Half a dozen years ago, loan officers joked that the only qualification for a mortgage was a pulse. After the housing market meltdown, the rules have changed. As of this month lenders are now legally required to determine that mortgage borrowers have the ability to repay their loans over the course of years, not just during the first few months when a teaser payment might be in effect. The Consumer Financial Protection Bureau (CFPB) now makes lenders consider factors including the borrower’s income, assets, debts and credit history.
Home buyers: is ownership feasible?
Decide where you want to live, then check out the real estate listings in the local Sunday paper. If you haven’t looked at home prices in a while, you might be surprised. Nationwide, housing prices climbed 10 percent last year while in some markets like Los Angeles, homes shot up 20 percent.
Let’s say you have found a price range that will get you what you want. Now it’s time for the pre-shopping check list. Do the math. How much money can you comfortably put down on the property? A bigger deposit can help you get a lower mortgage rate.
Call an insurance agent in the area and ask for an estimate for basic home insurance. Also, look into any appropriate supplemental policies like earthquake or flood insurance.
To learn what your tax bill will be, go the website of the local assessor. You might qualify for certain exemptions. In Los Angeles County breaks are given to veterans, disabled veterans and homeowners who establish the housing as their principal place of residence.
Add up your annual income from all sources, not optimistic projects of what you could make from sales commissions, but a more realistic look at what you earn.
Determine what your bills are for debt service every month.
Armed with this information now go to the mortgage calculator on MyBankTracker.com and plug in the numbers. CFPB rules require that anybody who gets a conventional mortgage cannot exceed a debt-to-income ratio of 43 percent which is your total monthly debt divided by your monthly gross income. The loan must qualify to be purchased or guaranteed by a government-sponsored enterprise like Fannie Mae or Freddie Mac. Do your numbers work?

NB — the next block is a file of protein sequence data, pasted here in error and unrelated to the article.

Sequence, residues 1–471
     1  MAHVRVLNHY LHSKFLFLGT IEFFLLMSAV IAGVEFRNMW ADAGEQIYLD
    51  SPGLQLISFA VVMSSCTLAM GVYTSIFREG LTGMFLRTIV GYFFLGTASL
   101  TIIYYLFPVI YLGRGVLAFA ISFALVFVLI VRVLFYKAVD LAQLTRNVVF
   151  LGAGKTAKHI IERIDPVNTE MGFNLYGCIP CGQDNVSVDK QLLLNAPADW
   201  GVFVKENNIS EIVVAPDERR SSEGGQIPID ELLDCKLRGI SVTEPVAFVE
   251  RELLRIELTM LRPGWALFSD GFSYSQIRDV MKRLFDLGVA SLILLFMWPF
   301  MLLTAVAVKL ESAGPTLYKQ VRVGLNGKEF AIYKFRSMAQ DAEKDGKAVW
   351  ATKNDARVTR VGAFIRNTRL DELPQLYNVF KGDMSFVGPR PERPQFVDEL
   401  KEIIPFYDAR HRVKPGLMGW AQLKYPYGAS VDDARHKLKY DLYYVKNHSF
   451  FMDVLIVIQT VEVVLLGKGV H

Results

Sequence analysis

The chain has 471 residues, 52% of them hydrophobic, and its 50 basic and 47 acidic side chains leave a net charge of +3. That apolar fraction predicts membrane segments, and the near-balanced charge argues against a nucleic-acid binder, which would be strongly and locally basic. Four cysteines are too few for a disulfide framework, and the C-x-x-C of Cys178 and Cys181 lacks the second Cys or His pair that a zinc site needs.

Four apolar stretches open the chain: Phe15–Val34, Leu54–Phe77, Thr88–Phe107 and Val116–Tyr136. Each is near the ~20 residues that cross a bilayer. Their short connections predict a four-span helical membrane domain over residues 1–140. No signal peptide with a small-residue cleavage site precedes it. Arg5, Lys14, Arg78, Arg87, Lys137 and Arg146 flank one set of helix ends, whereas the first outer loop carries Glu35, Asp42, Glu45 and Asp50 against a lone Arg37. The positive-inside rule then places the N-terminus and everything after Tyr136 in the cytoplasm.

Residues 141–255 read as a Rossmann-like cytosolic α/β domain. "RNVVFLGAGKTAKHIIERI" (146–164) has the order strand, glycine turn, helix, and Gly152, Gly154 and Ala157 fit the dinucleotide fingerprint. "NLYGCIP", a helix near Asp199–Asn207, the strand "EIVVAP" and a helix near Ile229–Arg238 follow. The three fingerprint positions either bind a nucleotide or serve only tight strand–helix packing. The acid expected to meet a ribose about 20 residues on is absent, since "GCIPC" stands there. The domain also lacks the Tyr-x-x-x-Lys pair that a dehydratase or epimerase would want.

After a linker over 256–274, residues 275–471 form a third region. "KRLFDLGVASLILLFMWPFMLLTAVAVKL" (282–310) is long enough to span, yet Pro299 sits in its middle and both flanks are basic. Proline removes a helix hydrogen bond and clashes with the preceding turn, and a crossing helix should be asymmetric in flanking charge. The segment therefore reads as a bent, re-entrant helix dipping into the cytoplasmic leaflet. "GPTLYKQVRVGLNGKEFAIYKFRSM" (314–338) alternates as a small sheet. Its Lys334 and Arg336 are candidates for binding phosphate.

Prove you’re able to be a home owner
Be sure to gather two years of tax returns, two months of bank statements and the source of every bank deposit.
Get your credit reports from all three credit reporting agencies, Equifax, Experian and TransUnion. Every year you’re entitled to get a free annual credit report through www.annualcreditreport.com. Be sure to scrutinize the reports for inaccuracies. Be sure to dispute anything that is wrong. If you have found that you’re the victim of identity theft, you’ll have to file a notarized police report. After you get any errors removed you are entitled to another free report to ensure that it was properly corrected.
To get your FICO score you’ll have to buy it for a nominal fee. Myfico.com is a good source.
You can improve your score by paying your bills on time even if you only pay the minimum each month. It is important to pay down the principal and start utilizing a lower percentage of your available credit. To get the lowest mortgage rate, your credit utilization should be under 20 percent
The time to check out your credit reports and audit your FICO score is in advance, not when you find a house you want. Loan standards have gotten significantly tighter. According to November 2013 data from software company Ellie Mae, the average FICO score on conventional home loans was 756. If your credit score is lower, look into programs backed by the Federal Housing Administration (FHA) which will back loans to people with FICO scores as low as 500.
It’s a good idea to be pre-qualified as much as possible, so meet with a prospective lender before looking for a new home. You won’t be able to lock in a mortgage interest rate until a purchase agreement is signed but getting pre-approved for a mortgage puts you in a much stronger negotiating position when you finally go house hunting.
Here’s where to get the best mortgage refinance rates.